Making his Ultimate Fighting Championships (UFC) debut at The Ultimate Fighter 13 Finale, Anthony Pettis has already become a lightweight contender through his success in World Extreme Cagefighting (WEC).
In his final fight with the WEC, which also happened to be the final fight in WEC history, Pettis earned a unanimous decision victory over Ben Henderson to become the final WEC Lightweight Champion.
In the final round, Pettis jumped off of the fence to land an unprecedented head kick that knocked Henderson down and sealed the victory. Named after Pettis' nickname, the kick became known as the Showtime kick.
After the win, Pettis was promised a title shot against the winner of a UFC lightweight title fight between Frankie Edgar and Gray Maynard. However, that fight resulted in a draw, which prompted an immediate rematch and forced Pettis to take another fight.
That fight, Pettis' first in the world's largest mixed martial arts (MMA) organization, will come against fellow lightweight contender Clay Guida. With a win, Pettis could finally earn his shot at the UFC Lightweight Championship against the winner of the rematch between Edgar and Maynard.
Before Pettis fights for the first time in the UFC, let's take a look back at some of the fights that have helped Pettis get to this point in his career.
Making his WEC debut at WEC 41, Anthony Pettis met Mike Campbell, who was coming off of a loss to Danillo Villefort in his first WEC fight.
After Campbell caught his head kick and shot in for a double leg, Pettis transitioned from submission attempt to submission attempt before finally forcing Campbell to tap due to a triangle choke less than two minutes into the first round.
The win showcased Pettis' ground game and extended his undefeated professional record to 9-0.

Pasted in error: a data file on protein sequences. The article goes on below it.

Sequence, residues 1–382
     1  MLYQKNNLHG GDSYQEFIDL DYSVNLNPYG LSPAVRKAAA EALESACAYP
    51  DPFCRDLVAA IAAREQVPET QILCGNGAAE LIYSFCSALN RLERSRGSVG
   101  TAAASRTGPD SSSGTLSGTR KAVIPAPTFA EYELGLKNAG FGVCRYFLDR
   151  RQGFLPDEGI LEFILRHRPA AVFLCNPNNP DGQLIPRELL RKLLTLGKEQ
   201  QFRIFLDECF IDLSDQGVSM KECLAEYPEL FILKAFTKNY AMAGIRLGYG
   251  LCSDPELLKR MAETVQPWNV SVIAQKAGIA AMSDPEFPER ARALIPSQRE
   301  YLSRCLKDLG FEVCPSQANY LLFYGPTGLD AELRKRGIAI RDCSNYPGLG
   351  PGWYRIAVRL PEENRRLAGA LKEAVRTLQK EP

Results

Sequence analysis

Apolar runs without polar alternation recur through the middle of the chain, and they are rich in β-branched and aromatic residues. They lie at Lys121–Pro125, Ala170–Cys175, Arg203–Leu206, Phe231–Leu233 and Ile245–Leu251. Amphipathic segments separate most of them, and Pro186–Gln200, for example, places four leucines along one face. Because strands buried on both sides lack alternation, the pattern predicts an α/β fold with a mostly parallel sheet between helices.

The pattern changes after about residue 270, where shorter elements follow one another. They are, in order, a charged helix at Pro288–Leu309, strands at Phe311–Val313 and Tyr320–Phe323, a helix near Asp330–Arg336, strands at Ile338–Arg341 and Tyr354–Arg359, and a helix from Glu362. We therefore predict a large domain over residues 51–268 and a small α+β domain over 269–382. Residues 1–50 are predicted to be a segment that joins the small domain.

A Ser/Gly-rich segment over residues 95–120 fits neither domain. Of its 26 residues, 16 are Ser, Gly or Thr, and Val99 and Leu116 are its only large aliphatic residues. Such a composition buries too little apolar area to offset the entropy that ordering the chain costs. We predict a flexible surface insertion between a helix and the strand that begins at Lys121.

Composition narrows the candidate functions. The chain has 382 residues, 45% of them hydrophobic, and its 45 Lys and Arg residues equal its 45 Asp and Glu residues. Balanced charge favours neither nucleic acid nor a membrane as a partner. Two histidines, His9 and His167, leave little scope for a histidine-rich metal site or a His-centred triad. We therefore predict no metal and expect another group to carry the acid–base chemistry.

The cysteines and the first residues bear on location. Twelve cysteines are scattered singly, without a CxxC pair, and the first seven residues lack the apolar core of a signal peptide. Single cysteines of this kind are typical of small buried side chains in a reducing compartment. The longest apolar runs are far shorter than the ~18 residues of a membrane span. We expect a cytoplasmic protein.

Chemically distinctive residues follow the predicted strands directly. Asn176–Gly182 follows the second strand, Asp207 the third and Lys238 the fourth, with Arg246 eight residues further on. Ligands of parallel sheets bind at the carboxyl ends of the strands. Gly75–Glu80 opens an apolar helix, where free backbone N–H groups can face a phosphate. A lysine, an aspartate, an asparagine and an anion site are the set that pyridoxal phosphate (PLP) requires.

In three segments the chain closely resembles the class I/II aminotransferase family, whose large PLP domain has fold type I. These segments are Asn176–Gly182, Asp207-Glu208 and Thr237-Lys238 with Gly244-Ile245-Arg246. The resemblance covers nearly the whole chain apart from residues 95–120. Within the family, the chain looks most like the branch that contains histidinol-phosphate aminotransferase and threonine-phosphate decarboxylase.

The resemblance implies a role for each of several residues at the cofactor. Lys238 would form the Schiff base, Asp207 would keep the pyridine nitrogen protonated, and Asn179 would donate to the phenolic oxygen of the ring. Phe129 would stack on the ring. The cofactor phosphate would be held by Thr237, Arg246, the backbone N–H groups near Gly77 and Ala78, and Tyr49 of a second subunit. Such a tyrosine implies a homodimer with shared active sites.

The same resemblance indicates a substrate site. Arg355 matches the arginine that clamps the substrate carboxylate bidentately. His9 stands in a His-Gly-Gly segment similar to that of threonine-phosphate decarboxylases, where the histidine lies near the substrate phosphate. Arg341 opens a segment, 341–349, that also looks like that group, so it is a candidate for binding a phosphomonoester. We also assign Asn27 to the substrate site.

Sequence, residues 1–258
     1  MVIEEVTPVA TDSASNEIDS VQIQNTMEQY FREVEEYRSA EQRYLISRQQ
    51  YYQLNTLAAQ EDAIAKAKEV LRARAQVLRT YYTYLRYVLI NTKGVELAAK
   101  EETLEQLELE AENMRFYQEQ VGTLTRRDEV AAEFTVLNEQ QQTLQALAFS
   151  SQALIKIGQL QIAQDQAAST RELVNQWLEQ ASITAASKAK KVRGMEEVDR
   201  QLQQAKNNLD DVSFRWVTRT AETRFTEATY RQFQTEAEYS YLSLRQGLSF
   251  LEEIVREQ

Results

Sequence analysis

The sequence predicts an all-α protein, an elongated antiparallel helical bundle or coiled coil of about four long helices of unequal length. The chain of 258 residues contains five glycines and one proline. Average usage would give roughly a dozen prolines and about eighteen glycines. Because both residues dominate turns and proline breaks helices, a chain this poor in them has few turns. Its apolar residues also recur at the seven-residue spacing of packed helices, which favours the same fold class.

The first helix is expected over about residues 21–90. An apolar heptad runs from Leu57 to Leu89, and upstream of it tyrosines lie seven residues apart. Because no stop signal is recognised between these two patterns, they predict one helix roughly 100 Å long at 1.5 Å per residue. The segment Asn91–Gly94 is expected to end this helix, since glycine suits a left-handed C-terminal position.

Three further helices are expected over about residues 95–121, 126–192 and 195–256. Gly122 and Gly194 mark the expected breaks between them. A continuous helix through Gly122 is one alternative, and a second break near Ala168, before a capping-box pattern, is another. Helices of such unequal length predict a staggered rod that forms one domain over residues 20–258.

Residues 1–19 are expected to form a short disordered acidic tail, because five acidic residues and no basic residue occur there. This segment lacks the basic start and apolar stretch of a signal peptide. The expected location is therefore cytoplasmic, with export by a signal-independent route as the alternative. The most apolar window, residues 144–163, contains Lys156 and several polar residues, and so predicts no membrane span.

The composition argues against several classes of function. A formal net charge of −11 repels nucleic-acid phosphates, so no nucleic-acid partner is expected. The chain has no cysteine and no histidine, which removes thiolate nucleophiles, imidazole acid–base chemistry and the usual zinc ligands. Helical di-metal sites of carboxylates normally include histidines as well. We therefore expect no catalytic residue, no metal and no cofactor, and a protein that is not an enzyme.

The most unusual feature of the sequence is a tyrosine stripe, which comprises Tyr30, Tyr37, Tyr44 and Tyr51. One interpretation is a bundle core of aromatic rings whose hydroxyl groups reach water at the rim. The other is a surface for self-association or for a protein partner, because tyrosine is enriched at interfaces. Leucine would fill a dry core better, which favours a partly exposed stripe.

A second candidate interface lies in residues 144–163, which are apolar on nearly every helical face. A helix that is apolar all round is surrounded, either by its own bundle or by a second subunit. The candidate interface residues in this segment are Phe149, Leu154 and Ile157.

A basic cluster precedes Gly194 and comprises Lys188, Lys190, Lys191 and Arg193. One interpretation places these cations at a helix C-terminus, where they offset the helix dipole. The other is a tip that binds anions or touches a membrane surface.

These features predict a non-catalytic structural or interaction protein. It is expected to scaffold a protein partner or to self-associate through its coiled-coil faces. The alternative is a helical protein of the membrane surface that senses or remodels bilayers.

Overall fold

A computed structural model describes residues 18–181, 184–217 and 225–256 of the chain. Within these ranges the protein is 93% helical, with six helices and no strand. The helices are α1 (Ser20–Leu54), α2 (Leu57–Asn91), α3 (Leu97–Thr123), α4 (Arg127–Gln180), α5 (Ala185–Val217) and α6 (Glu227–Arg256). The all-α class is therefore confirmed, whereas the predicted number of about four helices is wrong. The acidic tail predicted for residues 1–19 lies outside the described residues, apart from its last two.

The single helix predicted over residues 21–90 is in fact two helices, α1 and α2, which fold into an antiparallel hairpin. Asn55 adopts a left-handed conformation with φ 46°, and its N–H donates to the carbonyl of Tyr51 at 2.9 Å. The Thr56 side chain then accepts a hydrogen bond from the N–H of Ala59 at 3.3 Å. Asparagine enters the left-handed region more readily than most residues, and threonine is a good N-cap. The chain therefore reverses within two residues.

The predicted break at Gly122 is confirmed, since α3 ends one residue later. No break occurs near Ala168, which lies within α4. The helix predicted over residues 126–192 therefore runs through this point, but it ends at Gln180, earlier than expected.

At WEC 48, Anthony Pettis met WEC and UFC veteran Alex Karalexis in a fight that was televised live on Spike TV.
After showing off his striking game with a flashy switch kick early on in the first round, Pettis finished Karalexis with his ground game via a triangle choke in the second round.
The win earned Pettis a step up in competition and a chance at becoming the top lightweight contender in the WEC.
After suffering the first and only loss of his career to Bart Palaszewski, Anthony Pettis looked to rebound against Danny Castillo at WEC 47.
Shortly after taking a knee to the groin, Pettis unleashed his anger on Catillo with a brutal head kick that finished the fight at slightly more than two minutes into the first round.
The knockout earned Pettis Knockout of the Night honors and put him back ono track to becoming one of the best lightweights in the sport.
After his win over Alex Karalexis, Anthony Pettis eanred a fight to become the No. 1 contender against Shane Roller, who had won eight of his last nine fights heading into the bout.
In a fast-paced matchup, Pettis showed that he could take down an All-American wrestler and once again displayed a high level of unorthodox striking.
In the final minute of the fight, Pettis was forced to fight off a guillotine choke and then finished Roller with a slick triangle choke with under 10 seconds remaining in the fight.
With his win over Shane Roller, Anthony Pettis earned a shot at WEC Lightweight Champion Ben Henderson. Pettis title shot came at WEC 53, the final event in before the organization would be merged into the UFC.
In a closely contested bout between two of the best lightweights in the world, Pettis showed that he could compete with an elite lightweight on his feet and on the ground.
In the end, it was Pettis' unorthodox striking that sealed the win for him, as he landed the kick that he will be remembered for throughout his career.